More on Showing Vs. Telling -“Felt” A Word to Avoid

Embarrassed Emoticon

As I’ve gone through the editing process with Secrets of a Wolf, I can assure you that a GOOD editor is more valuable than any precious gem. Worth more than twice their weight in gold! Always be willing to improve your craft and a great editor can help you do that. They will enhance your voice!

I digress. My topic in this entry is about Showing vs. Telling, another one of my weaknesses and a very easy trap to fall into when writing any story. It is SO SO boring to a reader. I’m just going to deal with one word here that has turned into a crutch word for me, and for those of you with more experience in the craft, this may be old news, but for me it’s been a true learning experience.

The word is…Felt! This word sucks you right into the “telling” trap. Allow me to share a few “out takes” from my recent editing experience.
My Sentence: She didn’t know if she felt relief or terror.
My Editor’s Comment: Describe what she is feeling – don’t tell us
My Revision: Relief flooded her. The door latch held firm, but eventually she’d have to face him. There was no other way out of the room. Sweat trickled down her back and dampened her palms. Her heart raced. She had no other options.

My Sentence: I got dizzy and felt sick
My Editor’s Comment: “Felt is telling. Revise”
My Revision: My world spun out of control. The car rolled over and over, rattling my brain against my skull, and churning my stomach. I fought the nausea but lost.

I think you get the idea. No more “felt” show us!

About Kelly Abell

I am a writer, blogger, and graphic artist. My aim for you is to utilize this blog to help you improve your writing skills, and to educate you on the publishing business. If you need help with writing, want to self-publish a book and need advice, or just want to kick a story idea around to see what works best, that's what I'm here for. As I gain knowledge from editors and publishers, I will share that knowledge with you. As writers we should always strive to improve our craft and grow. A day should not pass where you haven't learned or tried something new with your writing. Many thanks to my Night Owl Friend, Lea Ellen Borg for editing my posts! Best to you and all your characters and stories. Write on, my friends...Write on.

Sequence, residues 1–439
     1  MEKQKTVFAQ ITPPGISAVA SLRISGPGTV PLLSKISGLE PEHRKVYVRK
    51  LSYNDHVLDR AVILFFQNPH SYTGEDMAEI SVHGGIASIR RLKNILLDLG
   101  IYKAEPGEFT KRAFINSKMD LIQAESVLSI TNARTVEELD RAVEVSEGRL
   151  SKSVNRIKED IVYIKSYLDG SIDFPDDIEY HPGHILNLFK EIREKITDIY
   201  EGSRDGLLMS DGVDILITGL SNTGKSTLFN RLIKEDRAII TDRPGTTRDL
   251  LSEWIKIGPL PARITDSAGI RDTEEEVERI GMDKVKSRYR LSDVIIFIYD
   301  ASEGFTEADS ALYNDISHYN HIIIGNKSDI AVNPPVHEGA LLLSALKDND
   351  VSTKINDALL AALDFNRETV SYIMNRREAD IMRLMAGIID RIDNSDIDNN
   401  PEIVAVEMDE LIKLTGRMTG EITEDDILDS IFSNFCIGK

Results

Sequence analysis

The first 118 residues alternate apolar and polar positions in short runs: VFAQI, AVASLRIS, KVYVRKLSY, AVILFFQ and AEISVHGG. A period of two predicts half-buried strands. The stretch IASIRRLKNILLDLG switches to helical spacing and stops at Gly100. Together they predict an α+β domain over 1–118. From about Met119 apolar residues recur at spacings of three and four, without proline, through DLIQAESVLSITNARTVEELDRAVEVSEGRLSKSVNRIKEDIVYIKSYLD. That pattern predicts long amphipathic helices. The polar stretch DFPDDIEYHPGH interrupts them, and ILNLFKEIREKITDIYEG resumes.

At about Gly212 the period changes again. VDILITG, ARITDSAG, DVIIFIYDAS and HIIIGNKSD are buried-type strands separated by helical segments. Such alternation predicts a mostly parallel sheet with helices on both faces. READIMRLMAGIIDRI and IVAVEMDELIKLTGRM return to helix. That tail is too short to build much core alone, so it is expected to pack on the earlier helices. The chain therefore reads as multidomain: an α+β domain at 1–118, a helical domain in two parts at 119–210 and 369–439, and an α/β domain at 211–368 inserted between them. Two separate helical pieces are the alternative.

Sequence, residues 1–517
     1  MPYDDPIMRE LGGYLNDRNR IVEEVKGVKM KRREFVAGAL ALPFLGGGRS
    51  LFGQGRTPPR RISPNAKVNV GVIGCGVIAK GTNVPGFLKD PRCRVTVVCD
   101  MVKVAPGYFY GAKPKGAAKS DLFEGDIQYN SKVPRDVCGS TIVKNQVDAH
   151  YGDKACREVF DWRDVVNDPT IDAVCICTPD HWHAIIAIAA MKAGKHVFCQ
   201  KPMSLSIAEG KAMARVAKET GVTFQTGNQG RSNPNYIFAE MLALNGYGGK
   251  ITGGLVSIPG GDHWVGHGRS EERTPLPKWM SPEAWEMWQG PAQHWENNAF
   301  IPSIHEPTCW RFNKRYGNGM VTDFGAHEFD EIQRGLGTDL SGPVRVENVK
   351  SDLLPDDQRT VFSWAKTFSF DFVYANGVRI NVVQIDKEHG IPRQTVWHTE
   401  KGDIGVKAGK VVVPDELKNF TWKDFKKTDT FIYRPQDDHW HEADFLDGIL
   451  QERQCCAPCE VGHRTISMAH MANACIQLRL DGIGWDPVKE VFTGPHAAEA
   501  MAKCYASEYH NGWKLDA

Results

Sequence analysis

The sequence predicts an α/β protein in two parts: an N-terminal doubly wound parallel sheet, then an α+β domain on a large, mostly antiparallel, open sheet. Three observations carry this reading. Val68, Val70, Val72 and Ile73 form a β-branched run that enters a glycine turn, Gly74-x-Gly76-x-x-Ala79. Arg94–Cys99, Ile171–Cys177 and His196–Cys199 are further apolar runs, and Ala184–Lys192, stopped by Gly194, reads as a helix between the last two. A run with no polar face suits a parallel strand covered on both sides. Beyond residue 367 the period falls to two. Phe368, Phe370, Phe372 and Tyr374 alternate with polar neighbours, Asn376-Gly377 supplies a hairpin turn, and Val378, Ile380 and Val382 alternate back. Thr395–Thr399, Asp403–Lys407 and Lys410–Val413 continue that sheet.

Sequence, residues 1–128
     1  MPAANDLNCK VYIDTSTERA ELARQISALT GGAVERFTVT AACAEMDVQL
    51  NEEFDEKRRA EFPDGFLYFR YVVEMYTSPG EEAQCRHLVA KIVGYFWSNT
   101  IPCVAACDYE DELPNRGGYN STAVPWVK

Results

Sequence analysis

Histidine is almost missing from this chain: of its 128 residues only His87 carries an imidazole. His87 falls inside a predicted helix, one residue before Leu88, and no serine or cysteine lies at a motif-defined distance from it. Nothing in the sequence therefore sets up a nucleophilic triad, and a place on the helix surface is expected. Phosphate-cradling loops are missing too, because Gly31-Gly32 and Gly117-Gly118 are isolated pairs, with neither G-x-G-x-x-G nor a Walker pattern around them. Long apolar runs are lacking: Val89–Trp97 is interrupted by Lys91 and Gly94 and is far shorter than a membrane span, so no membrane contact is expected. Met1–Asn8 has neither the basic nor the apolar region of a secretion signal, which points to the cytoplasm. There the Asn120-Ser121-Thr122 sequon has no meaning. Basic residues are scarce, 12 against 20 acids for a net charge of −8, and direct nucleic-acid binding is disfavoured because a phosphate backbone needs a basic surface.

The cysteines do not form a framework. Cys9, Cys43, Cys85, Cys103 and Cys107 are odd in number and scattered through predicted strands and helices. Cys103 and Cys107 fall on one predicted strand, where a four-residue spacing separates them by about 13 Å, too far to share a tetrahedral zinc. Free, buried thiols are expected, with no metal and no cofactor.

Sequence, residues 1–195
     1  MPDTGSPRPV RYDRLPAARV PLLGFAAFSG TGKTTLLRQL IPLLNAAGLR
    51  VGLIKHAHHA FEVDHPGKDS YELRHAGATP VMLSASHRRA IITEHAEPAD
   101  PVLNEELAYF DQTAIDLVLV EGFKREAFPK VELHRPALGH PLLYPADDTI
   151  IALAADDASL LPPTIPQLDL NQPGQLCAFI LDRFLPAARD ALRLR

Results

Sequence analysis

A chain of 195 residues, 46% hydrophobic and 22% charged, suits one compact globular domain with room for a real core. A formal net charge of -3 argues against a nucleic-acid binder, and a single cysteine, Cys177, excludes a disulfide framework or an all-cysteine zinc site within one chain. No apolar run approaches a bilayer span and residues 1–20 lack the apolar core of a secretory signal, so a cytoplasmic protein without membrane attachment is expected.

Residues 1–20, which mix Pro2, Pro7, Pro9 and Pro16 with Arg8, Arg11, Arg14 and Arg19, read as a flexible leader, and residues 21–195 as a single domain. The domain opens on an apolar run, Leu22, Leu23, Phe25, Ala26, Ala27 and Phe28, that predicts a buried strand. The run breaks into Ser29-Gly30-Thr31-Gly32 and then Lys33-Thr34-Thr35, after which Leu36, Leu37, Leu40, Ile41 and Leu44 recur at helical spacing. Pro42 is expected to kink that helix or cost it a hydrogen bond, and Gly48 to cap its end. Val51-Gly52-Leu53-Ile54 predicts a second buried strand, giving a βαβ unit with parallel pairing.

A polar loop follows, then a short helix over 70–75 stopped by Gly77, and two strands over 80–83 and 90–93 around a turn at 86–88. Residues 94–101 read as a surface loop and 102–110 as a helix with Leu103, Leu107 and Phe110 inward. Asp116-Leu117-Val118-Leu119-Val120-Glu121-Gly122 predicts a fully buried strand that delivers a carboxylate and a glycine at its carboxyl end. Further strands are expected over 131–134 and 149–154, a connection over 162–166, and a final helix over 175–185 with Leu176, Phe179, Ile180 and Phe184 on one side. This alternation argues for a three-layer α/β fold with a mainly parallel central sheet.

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16 Responses to More on Showing Vs. Telling -“Felt” A Word to Avoid

  1. Oh boy. “Felt” is a crutch alright. I try to reframe it as a place holder until I go back to edit. 🙂


  2. jackstr952 says:

    This goes for most of the other senses. Once you have established the POV character in a scene, it’s not longer necessary (or advisable IMO), to write “he or she saw . . .” “he or she tasted,” “he or she heard,” etc… you get the idea. I suppose there are exceptions but if you have a lot of this type of narrative, cut it and try without . . . it is much smoother and tighter.


  3. adeleulnais says:

    ah yes, I have this problem but thanks to posts like yours I am watching carefully for the dreaded felt word appearing. Another word is “like” it was like, I have to watch out for that one too.


  4. I like using these crutches in my draft to get me into the mindset of the characters, but once I start editing, I do a search for these telling words and eliminate most of them.


  5. Kelly Abell says:

    Hi Paula. Thanks for stopping by. I agree. I use them too in what I call my “word vomit” draft. LOL. Then the trimming begins.


  6. Great advice, Kelly – particularly about having a good editor!


  7. Sandra says:

    Your revisions are pretty fantastic! That’s all I feel I can say right now 🙂 (No, but seriously, the rewrites are amazing!)


  8. Wonderful tips I cannot begin to tell you how many ebooks I have read that have used the lazy sentences. Thanks Kelly


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